Distressed Debt

Highlights of our extensive coverage and analysis of the largest stressed and distressed debt, loans, funds, companies and the distressed debt market across the Americas, EMEA and Asia. Our intelligence, reporting and analysis also includes information on distressed trading and investing written specifically for investment managers, investment bankers, legal professionals and corporate professionals.

Reorg’s Asia Core Credit Reports on Modern Land Bondholder Call
Thu Oct 21, 2021 1:41 pm Bankruptcy Filings  Distressed Debt

Our Asia Core Credit team dialed into a conference call Modern Land bondholders the company’s management, and reported that the company has identified more than 90% of holders of its $250 million due Oct. 25 notes for its proposed consent solicitation, and that the company’s cash on hand stood at a paltry $100 million.

Management of China-based property developer Modern Land told bondholders on a conference call today, Oct. 12, that the company has identified the holders of more than 90% in principal amount of the $250 million 12.85% senior notes due Oct. 25, 2021 for its proposed consent solicitation to extend the notes’ maturity by three months. Continue reading for more reporting on Modern Land’s proposed consent solicitation from our Asia Core Credit team, and request a trial to access reporting and analysis on stressed, distressed and performing credits in Asia.

Management said the company only has $100 million offshore cash and overall just RMB 450 million at holding company level. There is a cash shortfall due to a delay in the approval of an onshore loan but management expects to be able to redeem its next maturity, the $200 million 11.8% notes due Feb. 26, 2022, using operating cash and a shareholder loan. Modern Land has also suspended all land acquisitions in the fourth quarter in order to preserve cash and there are available channels for transferring funds from onshore to offshore, management added. (more…)

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Reorg on the Record: Supply chain problems halting the market’s bull run…| 10/20/21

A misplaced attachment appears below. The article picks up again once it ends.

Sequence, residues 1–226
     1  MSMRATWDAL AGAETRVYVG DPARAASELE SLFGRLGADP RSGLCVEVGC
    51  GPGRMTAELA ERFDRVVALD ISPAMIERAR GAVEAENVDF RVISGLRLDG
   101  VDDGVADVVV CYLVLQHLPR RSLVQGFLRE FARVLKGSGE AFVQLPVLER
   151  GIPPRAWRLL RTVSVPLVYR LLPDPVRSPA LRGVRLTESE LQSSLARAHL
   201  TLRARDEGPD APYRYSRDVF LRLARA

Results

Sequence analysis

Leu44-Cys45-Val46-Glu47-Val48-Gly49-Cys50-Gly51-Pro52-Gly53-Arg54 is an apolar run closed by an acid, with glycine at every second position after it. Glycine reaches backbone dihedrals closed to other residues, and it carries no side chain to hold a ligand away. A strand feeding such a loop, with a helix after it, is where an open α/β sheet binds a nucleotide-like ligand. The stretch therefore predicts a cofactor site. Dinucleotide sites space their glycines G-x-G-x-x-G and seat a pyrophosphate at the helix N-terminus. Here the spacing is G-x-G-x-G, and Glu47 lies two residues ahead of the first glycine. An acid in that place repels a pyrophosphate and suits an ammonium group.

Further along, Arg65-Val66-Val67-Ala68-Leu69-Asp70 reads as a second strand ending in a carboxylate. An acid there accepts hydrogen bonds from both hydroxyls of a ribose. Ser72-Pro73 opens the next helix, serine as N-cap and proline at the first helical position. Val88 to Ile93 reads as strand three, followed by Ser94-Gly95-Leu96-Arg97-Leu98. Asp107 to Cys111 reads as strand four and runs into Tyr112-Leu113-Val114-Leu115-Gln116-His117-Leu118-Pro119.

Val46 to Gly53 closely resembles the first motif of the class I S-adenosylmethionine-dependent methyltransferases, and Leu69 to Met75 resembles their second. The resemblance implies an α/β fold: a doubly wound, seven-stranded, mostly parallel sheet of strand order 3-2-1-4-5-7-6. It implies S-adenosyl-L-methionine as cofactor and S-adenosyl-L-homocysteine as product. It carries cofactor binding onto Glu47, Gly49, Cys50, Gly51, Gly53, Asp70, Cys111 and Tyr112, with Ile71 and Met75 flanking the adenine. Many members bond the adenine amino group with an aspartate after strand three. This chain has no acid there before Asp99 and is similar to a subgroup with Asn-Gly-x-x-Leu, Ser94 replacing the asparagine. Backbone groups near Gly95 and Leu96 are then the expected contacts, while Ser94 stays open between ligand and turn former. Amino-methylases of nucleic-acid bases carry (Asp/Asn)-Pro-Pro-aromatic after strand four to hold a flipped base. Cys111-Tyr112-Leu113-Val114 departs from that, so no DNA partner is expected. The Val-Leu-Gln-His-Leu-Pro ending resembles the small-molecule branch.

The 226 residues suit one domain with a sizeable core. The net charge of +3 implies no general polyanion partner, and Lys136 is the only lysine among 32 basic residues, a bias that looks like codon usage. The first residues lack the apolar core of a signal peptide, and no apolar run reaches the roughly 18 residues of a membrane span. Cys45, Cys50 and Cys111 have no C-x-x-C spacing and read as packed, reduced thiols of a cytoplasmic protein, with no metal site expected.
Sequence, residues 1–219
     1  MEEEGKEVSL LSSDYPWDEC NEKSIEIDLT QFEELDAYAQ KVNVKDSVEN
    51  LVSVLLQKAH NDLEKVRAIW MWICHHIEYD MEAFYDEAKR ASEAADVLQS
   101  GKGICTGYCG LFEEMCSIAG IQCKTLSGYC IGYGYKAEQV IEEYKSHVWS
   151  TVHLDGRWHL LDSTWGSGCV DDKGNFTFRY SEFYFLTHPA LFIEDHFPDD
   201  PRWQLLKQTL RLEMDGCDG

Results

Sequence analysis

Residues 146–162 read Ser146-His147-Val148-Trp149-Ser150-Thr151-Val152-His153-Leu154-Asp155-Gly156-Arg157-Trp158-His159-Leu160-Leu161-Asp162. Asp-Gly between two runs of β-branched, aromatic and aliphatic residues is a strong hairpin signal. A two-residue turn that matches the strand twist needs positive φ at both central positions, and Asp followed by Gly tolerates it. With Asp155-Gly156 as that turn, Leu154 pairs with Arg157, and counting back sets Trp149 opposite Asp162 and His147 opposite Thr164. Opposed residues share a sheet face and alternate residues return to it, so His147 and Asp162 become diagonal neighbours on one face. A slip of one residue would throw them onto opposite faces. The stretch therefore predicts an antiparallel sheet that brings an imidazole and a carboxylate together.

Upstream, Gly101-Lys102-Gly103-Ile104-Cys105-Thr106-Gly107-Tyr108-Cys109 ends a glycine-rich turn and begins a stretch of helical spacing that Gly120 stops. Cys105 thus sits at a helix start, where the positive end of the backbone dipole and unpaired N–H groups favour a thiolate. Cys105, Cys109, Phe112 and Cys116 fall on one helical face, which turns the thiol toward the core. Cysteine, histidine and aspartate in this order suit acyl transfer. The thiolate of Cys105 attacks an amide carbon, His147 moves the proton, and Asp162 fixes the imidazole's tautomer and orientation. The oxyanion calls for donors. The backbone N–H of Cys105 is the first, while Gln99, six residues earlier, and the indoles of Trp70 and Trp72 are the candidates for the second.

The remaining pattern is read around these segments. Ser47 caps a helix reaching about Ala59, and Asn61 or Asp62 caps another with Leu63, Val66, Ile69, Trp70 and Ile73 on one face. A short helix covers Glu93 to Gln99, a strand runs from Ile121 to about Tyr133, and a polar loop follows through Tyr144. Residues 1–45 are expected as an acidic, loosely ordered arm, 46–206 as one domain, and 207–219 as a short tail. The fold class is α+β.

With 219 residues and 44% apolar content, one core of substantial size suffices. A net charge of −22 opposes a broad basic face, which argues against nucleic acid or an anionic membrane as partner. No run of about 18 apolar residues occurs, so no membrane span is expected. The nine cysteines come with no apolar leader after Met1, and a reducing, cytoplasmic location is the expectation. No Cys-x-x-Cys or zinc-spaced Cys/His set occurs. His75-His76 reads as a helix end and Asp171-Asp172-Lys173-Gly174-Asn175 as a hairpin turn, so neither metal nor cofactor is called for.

Thu Oct 21, 2021 1:04 pm Distressed Debt

Written by Robert Schach, Editor, Distressed Debt & Restructuing || The last couple of weeks seem to be an inflection point for the European leveraged finance market, with persistent supply chain problems, inflationary pressure and runaway energy costs finally halting the market’s bull run since the end of lockdown in Spring. Several new deals have slipped below par in secondary and, while primary issuance continues, deal flow seems to be slowing down. The rising caution is reflected in fund flows, with high-yield funds recording outflows for the last two weeks.

That suggests the easy refinancing conditions, which have characterized the primary markets for so long and kept distressed activity at bay, may be coming to an end. It will certainly make several touch-and-go refi prospects a lot trickier, with Haya FinanceLowenplay and Raffinerie Heide all looking a little more difficult to pull off than a few weeks ago.

Several credits had already been struggling with rising input costs over the last few months, especially in the packaging sector where issuers such as PaccorWeener Plastics and Kloeckner Pentaplast had been grappling with surging resin costs. They are finally managing to pass those through, but are now facing jumps in non-resin input costs. Rising gas prices in particular are proving a headache for the energy-intensive glass packaging sector, with Frigoglass and Bormioli bonds slipping. (more…)

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Litigation Coverage: Moby Accuses Bondholder, Morgan Stanley of Trying to Scuttle Restructuring
Tue Oct 5, 2021 4:39 pm Distressed Debt  Financial Restructuring

With more than 25 updates on Italian ferry operator Moby so far this year, our European coverage team has been looking closely at the stressed credit. The big news at the end of September, was that Moby SpA was suing Antonello Di Meo, Morgan Stanley and Morgan Stanley employees Massimo Piazzi and Dov Hillel Drazin in the Southern District of New York for “attempting to illegally acquire control” of the company and its Italian concordato restructuring proceeding by purchasing a controlling stake in Moby’s bonds at a “substantial discount using inside information.”  (more…)

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Reorg Webinar Series: Enforcement Mechanisms for Keepwell Notes